The Clark houses one of the most distinguished art research libraries in the country, with more than 296,000 volumes in over 130 languages. From its opening in 1962 the library has grown and changed over the years to accommodate teaching spaces, visual resources, new programs and initiatives, and a never-ending array of new technologies (in addition, of course, to its growing collection of books), always striving to meet the needs of our valued students, scholars, staff, researchers, and visitors.
The library’s special collections enhance both library and museum holdings. Highlights include the founding collection of Robert Sterling Clark's rare books, the history of photomechanical reproduction, early illustrated printed books, decorative arts and sample books, twentieth- and twenty-first century artists’ books, and archival collections.
special collections book of the month
Artists' Books Collection
Gwen Smith's The Black Women Project is a collection of her painted portraits of renowned Black Women. Smith uses selfies to reference each time she entered her studio over a period of 2.5 years, creating a rhythm by merging her identity as a Black Woman with her subjects. Some of the women Smith chooses to paint are artists, scientists, educators, politicians, writers, poets and performers. All are respected by Smith and provide the impetus for her ongoing self exploration.
Serving the general public as well as visiting scholars and local students and faculty, the Clark library welcomes all visitors to use its reference and research services and to enjoy its collections. An extensive array of electronic resources and reference materials support scholarly research in the field of Art History. Library staff are dedicated to assisting all users to access the library’s wide-ranging and diverse collections.
New Acquisitions Book of the Week
Object Lessons in American Art. Edited by Karl Kusserow ; with contributions by Horace D. Ballard, Kirsten Pai Buick, Ellery E. Foutch, Karl Kusserow, Jeffrey Richmond-Moll, Rebecca Zorach. Princeton, NJ : Princeton University Art Museum, 2023.
Object Lessons in American Art explores a diverse gathering of Euro-American, Native American, and African American art from a range of contemporary perspectives, illustrating how innovative analysis of historical art can inform, enhance, and afford new relevance to artifacts of the American past. The book is grounded in the understanding that the meanings of objects change over time, in different contexts, and as a consequence of the ways in which they are considered. Inspired by the concept of the object lesson - the study of a material thing or group of things in juxtaposition to convey embodied and underlying ideas - Object Lessons in American Art examines a broad range of art from Princeton University's venerable collections as well as contemporary works that imaginatively appropriate and reframe their subjects and style, situating them within current social, cultural, and artistic debates on race, gender, the environment, and more.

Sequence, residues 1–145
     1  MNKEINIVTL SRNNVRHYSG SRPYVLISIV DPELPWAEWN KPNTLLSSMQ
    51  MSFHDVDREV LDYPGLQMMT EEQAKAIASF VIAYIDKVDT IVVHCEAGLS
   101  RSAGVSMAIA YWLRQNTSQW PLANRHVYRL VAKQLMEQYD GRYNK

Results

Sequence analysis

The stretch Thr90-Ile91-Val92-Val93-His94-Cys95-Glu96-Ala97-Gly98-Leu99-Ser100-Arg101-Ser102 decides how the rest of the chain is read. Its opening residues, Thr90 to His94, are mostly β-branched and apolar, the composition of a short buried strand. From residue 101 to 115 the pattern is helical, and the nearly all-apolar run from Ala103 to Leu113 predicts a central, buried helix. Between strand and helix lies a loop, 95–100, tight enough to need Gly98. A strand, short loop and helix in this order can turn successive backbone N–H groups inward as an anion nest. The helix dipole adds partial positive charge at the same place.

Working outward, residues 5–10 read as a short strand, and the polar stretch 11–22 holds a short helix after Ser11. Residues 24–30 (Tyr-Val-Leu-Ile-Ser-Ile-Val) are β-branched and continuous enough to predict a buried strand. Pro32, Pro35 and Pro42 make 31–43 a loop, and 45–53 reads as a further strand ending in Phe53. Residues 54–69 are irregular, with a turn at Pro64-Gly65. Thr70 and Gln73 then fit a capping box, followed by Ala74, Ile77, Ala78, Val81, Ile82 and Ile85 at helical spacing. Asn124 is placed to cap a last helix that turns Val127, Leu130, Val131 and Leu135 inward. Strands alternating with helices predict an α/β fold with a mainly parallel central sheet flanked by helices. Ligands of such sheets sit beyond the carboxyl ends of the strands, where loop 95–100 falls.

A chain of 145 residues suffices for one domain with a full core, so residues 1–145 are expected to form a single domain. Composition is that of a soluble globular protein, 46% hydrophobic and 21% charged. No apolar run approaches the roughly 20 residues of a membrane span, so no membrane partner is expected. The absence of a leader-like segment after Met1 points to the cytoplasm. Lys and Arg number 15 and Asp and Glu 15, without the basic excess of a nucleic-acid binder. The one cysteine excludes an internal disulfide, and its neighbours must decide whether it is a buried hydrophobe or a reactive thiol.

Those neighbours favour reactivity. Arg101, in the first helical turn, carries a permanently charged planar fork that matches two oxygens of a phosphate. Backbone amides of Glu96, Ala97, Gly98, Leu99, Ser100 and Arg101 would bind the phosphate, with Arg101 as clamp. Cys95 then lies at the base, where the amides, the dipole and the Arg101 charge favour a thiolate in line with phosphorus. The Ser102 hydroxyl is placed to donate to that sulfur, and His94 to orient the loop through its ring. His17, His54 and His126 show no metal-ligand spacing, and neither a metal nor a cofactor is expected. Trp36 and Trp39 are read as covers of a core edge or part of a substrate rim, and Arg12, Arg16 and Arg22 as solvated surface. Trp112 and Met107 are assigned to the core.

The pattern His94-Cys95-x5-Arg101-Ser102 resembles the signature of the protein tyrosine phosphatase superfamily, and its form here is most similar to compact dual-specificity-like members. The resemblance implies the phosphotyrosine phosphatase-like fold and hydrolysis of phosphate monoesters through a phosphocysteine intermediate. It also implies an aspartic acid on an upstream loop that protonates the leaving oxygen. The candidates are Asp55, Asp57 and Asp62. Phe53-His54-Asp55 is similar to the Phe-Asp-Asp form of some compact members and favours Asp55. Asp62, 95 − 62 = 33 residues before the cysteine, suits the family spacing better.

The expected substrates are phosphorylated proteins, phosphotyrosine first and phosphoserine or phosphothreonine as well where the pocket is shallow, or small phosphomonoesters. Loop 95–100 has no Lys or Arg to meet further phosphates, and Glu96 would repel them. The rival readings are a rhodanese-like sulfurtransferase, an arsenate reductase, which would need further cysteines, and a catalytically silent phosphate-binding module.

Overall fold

The library is open without appointment. Hours are:
Monday - Friday, 9 am to 5 pm
All are welcome to email the library with reference/research questions.
The library is closed to the public on the following holidays:
New Year's Day
Martin Luther King Jr. Day
Indigenous Peoples Day
Thanksgiving (2 days)
Christmas (2 days)
Extended hours are available to holders of a Clark badge or a Reader's Card. Reader's cards are given by application. Cards may not be appropriate for all applicants but we will always do our best to meet your research needs!
Mon-Thurs 8 am to 11 pm
Friday 8 am to 6 pm
Saturday 9 am to 6 pm
Sunday 9 am to 11 pm
With the exception of Christmas Day and New Year's Day the library is open during holidays to anyone eligible for extended hours.